Austria, Denmark Break Ranks With EU to Produce Vaccines With Israel

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Chancellor Sebastian Kurz attends a news conference in Vienna, yesterday.
Chancellor Sebastian Kurz attends a news conference in Vienna, yesterday. Credit: LISI NIESNER / REUTERS

Austria broke ranks with the European Union on Tuesday and said it would work together with Israel and Denmark to produce second-generation vaccines against mutations of the coronavirus.

Chancellor Sebastian Kurz said Austria and Denmark, as members of the First Mover Group founded by Kurz, would work with Israel on vaccine production against mutations of the coronavirus and jointly research treatment options.

"We must prepare for further mutations and should no longer be dependent only on the EU for the production of second-generation vaccines," the conservative chancellor said in a statement on Tuesday.

Danish Prime Minister Danish Mette Frederiksen was also critical of the EU's vaccine programme.

"I don't think it can stand alone, because we need to increase capacity. That is why we are now fortunate to start a partnership with Israel," she told reporters on Monday.

When asked whether Denmark and Austria wanted to take unilateral action in obtaining vaccines, Frederiksen said: "You can call it that."

The announcement is a rebuke to the EU's joint vaccine procurement program for member states which has been criticized for being too slow to agree to deals with manufacturers.

Production problems and supply chain bottlenecks have also slowed deliveries to the bloc, delaying the roll-out of vaccines.

While the decision that the EU procures vaccines for member states was correct in principle, Kurz said the European Medicines Agency had been too slow to approve vaccines and lambasted supply bottlenecks from pharmaceutical companies.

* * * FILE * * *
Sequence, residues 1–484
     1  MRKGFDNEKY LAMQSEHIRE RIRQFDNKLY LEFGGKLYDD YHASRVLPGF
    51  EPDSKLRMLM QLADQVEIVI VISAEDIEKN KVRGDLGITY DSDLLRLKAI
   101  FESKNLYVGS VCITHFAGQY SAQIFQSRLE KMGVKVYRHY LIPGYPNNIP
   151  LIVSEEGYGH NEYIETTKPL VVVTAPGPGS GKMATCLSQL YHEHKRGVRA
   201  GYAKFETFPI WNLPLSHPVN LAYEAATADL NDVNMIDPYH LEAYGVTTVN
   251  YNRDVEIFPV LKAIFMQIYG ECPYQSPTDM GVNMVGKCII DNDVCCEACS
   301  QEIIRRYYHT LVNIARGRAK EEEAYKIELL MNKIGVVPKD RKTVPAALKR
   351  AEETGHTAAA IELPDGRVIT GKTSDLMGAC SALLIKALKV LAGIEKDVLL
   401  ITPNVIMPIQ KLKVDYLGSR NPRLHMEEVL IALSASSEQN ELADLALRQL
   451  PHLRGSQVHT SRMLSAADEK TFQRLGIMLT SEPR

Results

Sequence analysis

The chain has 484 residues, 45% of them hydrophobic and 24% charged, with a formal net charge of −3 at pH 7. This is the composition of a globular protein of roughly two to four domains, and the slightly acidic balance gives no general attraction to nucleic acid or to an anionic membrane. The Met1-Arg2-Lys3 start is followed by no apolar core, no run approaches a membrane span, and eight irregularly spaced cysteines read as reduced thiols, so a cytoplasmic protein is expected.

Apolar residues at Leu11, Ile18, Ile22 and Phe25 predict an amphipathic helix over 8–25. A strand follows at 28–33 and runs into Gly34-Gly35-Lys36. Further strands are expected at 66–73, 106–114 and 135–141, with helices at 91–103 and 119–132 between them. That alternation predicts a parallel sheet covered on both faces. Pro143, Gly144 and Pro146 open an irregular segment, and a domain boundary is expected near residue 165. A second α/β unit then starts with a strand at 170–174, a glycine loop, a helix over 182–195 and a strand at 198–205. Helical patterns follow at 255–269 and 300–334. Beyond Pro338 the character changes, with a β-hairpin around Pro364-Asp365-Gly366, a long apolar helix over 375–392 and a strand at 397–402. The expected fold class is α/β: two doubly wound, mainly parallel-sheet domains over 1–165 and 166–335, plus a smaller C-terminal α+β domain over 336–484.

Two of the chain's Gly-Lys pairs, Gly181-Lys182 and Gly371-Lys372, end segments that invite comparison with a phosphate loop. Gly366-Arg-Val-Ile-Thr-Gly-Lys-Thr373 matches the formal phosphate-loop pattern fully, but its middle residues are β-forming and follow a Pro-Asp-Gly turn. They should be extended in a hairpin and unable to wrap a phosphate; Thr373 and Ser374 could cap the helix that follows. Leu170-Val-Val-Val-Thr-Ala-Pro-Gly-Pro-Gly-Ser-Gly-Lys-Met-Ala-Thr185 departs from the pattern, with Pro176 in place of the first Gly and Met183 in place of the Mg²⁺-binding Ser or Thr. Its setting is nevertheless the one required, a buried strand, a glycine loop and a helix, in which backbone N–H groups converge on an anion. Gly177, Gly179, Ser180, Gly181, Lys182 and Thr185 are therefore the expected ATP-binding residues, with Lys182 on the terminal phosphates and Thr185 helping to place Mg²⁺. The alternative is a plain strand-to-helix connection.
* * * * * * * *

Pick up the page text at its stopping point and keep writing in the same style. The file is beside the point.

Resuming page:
"We must therefore prepare for further mutations and should no longer be dependent only on the EU for the production of second-generation vaccines," he said in a statement.

Renee Gallo-Daniel, head of the Austrian vaccine manufacturers' association, told broadcaster ORF that a local vaccine production was important.

Although it would take months or years to set up or refurbish a production unit for the purpose, it was sensible to think so far into the future, especially with regard to future pandemics, Gallo-Daniel said.

Experts reckon that Austria will have to vaccinate two-thirds of the population, equivalent to more than 6 million people annually, in coming years, Kurz said.

Kurz is due to travel to Israel this week with Danish Prime Minister Mette Frederiksen to see Israel's rapid vaccine roll-out up close.

He said he would inspect pharmaceutical companies with domestic production including Pfizer, Novartis, Polymun and Boehringer Ingelheim as well as speak to leading scientists and physicians on Tuesday.

Germany last month set up a task force to address bottlenecks in the supply chain of vaccine production and boost local manufacturing to protect itself against future pandemics.

The European Commission said member states were free to strike separate deals should they wish to. "It's not that the strategy unravelled or it goes against the strategy, not at all," spokesman Stefan de Keersmaecker said.

An EMA spokeswoman did not have an immediate comment.

First movers?

Israel, which was quick to sign contracts for and to approve vaccines from U.S. drug makers Pfizer and Moderna, has given 94 doses per 100 people and the EU just seven, according to monitoring by Our World in Data.

Prime Minister Benjamin Netanyahu, who has made the campaign a showcase of his bid for re-election on March 23, has spoken of "an international corporation for manufacturing vaccines".

None of the three countries has significant vaccine making capacity, however, raising questions over how realistic their ambitions are to gain greater self-sufficiency.

A growing number of EU countries have placed side orders for vaccines from Russia and China, even though the EMA has yet to rule on whether they are both safe and effective.

Slovakia said on Monday it had ordered 2 million doses of Russia's Sputnik V vaccine and expects half to arrive this month to help it end a surge in infections.

The neighboring Czech Republic - tackling the worst COVID-19 outbreak of any EU country - is also considering ordering Russia's Sputnik V.

Hungary, meanwhile, has taken delivery of a vaccine developed by China's Sinopharm, with Prime Minister Viktor Orban announcing on Sunday that he had received the shot.

The three vaccines so far cleared for use in the EU, made by Pfizer and German partner BioNTech, Moderna and AstraZeneca, rely on production in countries including Germany, Britain, Switzerland, Belgium and the Netherlands.

Pfizer, which declined comment for this story, has said it will make 2 billion doses this year - 70% of them in the EU - and has conducted extensive research into their effectiveness against coronavirus variants.

A spokesman for Boehringer Ingelheim said its focus was not on human vaccines "but if we receive requests we will of course look into them."

DPA contributed to this report.

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